As much time as we spend at the boat on the weekends, we don't actually spend that much time sailing. And even less time anchored out in the water overnight. Staying on the boat at the marina is one thing, you can hop off, take a hot shower at the bath house, jump in your car to run an errand, whatever. But at anchor, well, you're sort of tied down. And there's a whole lot of learning left to do.
This, my friends, is how it goes out at anchor.
|do you see the dolphin fins??|
You spend a gorgeous day out on the water. The sky is clear and there's just enough breeze to keep you cool. You have an autopilot now, so you can spend more time leisurely admiring the other boats taking advantage of the holiday weekend, or the houses with their stunning views and prime waterfront locations. You find a spot to anchor out by late afternoon so that you have plenty of time to do nothing before dinner. You take a quick splash in the river to cool off, then you throw something on the grill, watch the dolphins playing nearby, and pick up your book just in time to soak up the last few hours of daylight.
As you watch the sunset over the water, you admire the beauty of creation and wonder over how you became so blessed as to have an experience such as this. You can't believe that you ever doubted or stressed over the details of an extended sailing trip because, isn't this probably the closest thing to heaven on earth? Night falls and you go to bed because, well, it's dark and what else are you going to do?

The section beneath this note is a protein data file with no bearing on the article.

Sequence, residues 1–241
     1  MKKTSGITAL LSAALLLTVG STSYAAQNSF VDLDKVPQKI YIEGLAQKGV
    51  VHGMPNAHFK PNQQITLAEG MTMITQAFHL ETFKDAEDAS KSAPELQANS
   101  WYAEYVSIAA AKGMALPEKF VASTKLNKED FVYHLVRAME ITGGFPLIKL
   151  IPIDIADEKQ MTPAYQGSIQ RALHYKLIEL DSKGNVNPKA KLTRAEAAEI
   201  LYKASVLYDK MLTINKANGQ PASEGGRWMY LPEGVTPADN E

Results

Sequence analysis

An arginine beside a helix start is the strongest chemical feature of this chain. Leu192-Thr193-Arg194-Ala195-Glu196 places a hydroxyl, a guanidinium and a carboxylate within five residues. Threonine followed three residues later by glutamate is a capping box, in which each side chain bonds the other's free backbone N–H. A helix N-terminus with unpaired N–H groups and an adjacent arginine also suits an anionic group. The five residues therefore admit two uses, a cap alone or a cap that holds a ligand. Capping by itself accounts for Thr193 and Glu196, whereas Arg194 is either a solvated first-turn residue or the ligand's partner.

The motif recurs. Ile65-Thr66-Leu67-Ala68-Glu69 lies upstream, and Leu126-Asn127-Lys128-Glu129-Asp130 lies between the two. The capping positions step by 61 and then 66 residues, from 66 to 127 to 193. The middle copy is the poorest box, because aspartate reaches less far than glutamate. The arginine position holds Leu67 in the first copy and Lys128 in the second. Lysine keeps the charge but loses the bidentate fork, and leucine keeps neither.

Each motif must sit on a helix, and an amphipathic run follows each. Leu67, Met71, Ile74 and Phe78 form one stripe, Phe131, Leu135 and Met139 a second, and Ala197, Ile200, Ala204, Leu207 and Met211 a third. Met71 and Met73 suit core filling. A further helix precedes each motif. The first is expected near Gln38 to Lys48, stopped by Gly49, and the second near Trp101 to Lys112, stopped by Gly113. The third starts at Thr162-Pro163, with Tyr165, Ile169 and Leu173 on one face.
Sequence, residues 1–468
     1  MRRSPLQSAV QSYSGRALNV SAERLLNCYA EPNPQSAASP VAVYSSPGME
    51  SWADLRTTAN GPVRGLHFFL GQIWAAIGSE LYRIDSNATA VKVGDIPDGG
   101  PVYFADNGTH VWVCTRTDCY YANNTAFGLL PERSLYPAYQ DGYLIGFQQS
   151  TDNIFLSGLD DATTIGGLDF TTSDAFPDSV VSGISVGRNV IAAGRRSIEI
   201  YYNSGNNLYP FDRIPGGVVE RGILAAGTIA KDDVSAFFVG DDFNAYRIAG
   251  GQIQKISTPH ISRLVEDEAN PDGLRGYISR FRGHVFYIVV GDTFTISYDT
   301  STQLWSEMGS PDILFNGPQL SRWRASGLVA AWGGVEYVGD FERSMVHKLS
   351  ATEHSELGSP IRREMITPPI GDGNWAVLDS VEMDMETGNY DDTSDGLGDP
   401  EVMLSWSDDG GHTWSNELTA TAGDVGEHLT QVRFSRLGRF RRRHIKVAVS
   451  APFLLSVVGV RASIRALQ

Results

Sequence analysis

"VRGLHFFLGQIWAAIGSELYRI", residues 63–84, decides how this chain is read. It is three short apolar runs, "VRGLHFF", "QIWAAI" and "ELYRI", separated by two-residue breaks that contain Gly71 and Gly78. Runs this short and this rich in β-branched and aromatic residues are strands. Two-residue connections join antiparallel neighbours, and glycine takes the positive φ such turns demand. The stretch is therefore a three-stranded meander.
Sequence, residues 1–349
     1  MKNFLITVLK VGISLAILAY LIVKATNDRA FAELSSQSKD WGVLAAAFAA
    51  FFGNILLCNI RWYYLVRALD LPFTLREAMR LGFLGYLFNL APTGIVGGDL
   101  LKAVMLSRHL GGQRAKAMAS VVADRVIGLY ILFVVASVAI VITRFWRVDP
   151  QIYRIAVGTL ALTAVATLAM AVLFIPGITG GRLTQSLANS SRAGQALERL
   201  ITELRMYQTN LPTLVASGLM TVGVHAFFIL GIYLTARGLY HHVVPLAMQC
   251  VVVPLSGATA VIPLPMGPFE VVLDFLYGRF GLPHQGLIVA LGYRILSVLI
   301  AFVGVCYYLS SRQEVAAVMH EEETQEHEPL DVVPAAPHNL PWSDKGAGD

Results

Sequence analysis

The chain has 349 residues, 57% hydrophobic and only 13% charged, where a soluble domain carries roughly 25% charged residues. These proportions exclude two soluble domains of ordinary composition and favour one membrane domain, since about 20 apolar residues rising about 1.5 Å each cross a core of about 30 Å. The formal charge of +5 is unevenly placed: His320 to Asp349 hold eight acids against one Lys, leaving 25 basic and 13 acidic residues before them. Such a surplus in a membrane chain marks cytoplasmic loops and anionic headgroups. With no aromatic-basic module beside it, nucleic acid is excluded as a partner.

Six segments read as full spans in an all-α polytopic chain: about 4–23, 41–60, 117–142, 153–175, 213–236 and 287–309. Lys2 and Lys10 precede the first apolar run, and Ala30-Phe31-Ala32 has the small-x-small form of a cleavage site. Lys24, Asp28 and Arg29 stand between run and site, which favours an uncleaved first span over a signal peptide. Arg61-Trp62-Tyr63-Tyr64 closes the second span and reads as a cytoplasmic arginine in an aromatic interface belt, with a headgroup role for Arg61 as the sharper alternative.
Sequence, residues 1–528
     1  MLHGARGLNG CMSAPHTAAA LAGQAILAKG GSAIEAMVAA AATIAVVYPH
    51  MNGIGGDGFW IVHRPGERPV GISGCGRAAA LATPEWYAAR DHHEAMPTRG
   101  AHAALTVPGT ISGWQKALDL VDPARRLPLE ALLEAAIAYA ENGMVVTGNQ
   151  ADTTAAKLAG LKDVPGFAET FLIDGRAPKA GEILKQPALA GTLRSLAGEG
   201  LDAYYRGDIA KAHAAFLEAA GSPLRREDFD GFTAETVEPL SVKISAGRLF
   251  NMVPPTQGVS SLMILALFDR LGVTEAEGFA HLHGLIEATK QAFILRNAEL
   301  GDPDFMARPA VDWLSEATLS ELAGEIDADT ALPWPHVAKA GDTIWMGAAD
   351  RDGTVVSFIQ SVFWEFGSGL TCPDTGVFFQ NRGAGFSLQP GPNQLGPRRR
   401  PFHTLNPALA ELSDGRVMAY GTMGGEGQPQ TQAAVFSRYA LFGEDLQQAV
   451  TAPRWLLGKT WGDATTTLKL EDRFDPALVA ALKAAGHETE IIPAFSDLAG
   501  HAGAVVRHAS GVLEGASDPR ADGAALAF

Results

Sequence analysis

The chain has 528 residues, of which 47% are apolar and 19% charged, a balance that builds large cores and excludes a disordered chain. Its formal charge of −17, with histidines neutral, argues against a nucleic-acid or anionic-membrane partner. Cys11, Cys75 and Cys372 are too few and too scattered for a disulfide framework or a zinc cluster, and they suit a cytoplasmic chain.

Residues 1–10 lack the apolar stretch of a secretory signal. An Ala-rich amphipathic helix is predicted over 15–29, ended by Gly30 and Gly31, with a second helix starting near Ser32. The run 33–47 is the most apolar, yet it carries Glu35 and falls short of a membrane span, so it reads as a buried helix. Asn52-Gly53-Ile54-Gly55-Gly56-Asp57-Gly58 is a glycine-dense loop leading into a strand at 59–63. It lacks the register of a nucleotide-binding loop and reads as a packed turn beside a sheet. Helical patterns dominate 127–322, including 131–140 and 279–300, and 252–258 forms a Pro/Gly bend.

But... things look awfully different in the dark. Your hair is still wet from the river and now your pillow is wet, your neck is wet, and the collar of your t-shirt is, too. There is no power for things like hairdryers. You let your guard down for one minute by jumping in that murky water against your better judgement, and now you're paying for it. As a matter of fact, everything is damp. And there's no air circulation. The battery is dead (add that to the to do list), so you can't run the fan. Your neck is stiff from sleeping the night before (don't forget damp, too), and your side already hurts from laying in the same position on the hard mattress (also on the list) for too long. You can't really stretch out, because your bed is shaped like a "v" and there are only so many possible positions that allow for comfort and the simultaneous avoidance of your husband's boney knees and undeniably dirty feet. You make a mental note to work on your germaphobia, but also to remind him to wash his feet next time, because really, if feet aren't bad enough as it is. You pull out your phone to pass the time, but the charge is almost down to nothing, and there's no battery, so. You finally fall asleep around 4 am. At 7 am your husband wakes you up because he has to use the bathroom, and you might want to, you know, vacate the premises.
But, then. Then there's freshly ground french press coffee and shake and pour pancakes, and a cool breeze once again over the water. The morning sun casts a beautiful light that makes the river sparkle, and suddenly everything is right in the world again. Your husband finally gets your dog to pee on the puppy pad's patch of fake grass and his excitement is enough to make you feel like maybe you just missed your baby's first steps. Then you watch him paddle around in the small dingy, admiring the lines of his sailboat from afar. Totally in his element. And in moments like this you think to yourself, maybe last night wasn't actually so bad. Maybe I can do this after all.